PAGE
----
Pepperdine University is partnering with Tuskegee University to create an accelerated degree program (3+3) that lets Tuskegee students attend the first year of law school at Pepperdine after finishing their junior year at Tuskegee.
This arrangement makes it so that it takes students six years total instead of seven to earn a bachelor’s degree followed by a juris doctor. Students from the HBCU may apply to Pepperdine University Caruso School of Law at the start of their junior year instead of their senior year. The first-year law credits will apply to their undergraduate records.
“In addition to providing a pathway to law school for students from historically underrepresented backgrounds, this accelerated program represents a significant tuition savings for these students,” said Chalak Richards, dean of students, diversity and belonging at Caruso Law. “These candidates are also automatically considered for the Caruso Law HBCU scholarships of up to 50% of tuition, and Caruso Excellence Scholarships which award full tuition.”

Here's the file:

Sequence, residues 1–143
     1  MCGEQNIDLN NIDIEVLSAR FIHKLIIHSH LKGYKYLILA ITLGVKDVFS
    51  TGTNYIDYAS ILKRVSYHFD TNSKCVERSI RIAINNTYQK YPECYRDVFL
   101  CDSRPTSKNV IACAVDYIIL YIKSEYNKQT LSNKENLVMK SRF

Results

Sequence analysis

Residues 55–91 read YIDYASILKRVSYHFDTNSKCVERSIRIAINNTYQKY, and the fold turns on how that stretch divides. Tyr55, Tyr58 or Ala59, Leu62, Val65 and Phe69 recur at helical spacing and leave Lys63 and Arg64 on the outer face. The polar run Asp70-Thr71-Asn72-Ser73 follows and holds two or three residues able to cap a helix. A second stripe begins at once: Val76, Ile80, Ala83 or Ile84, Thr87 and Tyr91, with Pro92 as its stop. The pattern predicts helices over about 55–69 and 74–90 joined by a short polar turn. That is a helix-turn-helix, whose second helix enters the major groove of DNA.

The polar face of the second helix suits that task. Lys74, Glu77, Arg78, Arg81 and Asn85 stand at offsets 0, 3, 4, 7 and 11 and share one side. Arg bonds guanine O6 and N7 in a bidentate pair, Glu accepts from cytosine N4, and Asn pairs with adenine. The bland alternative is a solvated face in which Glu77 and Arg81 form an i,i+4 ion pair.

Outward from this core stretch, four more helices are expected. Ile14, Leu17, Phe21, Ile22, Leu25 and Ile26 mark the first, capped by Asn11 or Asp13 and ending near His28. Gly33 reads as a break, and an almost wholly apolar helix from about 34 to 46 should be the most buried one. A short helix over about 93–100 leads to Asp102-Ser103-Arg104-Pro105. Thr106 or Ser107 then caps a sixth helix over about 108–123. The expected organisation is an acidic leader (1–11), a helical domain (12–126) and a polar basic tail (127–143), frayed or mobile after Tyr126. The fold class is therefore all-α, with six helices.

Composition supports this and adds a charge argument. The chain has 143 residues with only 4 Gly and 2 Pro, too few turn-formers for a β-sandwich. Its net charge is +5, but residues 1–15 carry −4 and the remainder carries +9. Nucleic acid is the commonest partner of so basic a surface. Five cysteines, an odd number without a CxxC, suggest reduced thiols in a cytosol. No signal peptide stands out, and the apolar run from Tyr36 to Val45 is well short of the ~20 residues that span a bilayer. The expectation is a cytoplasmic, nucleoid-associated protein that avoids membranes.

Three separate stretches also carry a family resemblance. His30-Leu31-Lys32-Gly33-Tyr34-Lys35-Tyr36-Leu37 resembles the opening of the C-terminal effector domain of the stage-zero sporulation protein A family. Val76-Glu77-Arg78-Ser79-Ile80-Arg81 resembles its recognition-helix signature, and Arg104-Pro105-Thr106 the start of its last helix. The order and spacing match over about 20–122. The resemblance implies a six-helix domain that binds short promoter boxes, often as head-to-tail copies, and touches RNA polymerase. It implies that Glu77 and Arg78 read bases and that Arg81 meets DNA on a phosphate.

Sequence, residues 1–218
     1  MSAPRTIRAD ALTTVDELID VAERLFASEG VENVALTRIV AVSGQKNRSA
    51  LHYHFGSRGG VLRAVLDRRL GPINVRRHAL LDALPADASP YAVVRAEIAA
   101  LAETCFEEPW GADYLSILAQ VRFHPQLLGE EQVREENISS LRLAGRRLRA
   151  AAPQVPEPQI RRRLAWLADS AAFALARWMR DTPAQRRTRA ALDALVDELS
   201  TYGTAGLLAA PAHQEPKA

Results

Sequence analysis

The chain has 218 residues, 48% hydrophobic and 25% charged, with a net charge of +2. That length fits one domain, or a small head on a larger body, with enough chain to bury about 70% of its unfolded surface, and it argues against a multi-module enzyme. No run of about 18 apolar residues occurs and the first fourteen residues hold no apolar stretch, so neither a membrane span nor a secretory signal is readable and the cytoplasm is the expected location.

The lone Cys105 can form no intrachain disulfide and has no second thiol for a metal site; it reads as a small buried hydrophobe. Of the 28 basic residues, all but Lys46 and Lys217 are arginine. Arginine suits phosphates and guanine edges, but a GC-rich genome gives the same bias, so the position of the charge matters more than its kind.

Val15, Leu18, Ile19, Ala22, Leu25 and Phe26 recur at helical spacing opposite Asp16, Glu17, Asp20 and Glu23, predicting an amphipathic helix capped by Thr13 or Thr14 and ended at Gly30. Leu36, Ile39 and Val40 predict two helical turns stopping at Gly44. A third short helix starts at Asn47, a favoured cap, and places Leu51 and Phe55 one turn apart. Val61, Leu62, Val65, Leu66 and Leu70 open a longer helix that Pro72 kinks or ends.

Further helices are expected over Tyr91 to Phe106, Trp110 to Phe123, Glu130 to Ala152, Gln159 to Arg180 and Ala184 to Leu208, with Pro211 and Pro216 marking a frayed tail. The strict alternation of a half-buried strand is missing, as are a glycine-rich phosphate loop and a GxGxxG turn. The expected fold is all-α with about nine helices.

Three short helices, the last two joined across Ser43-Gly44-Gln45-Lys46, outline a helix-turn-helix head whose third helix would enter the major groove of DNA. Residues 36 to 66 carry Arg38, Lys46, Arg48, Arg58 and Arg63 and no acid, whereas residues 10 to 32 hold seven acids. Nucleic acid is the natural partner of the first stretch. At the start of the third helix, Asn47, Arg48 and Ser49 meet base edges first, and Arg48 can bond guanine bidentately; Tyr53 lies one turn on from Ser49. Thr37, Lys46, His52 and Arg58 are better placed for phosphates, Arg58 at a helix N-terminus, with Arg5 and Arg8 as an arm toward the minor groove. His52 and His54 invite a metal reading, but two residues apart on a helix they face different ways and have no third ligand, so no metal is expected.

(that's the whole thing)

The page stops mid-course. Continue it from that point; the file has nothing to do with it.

This is the first partnership between Pepperdine and a historically Black college and university (HBCU).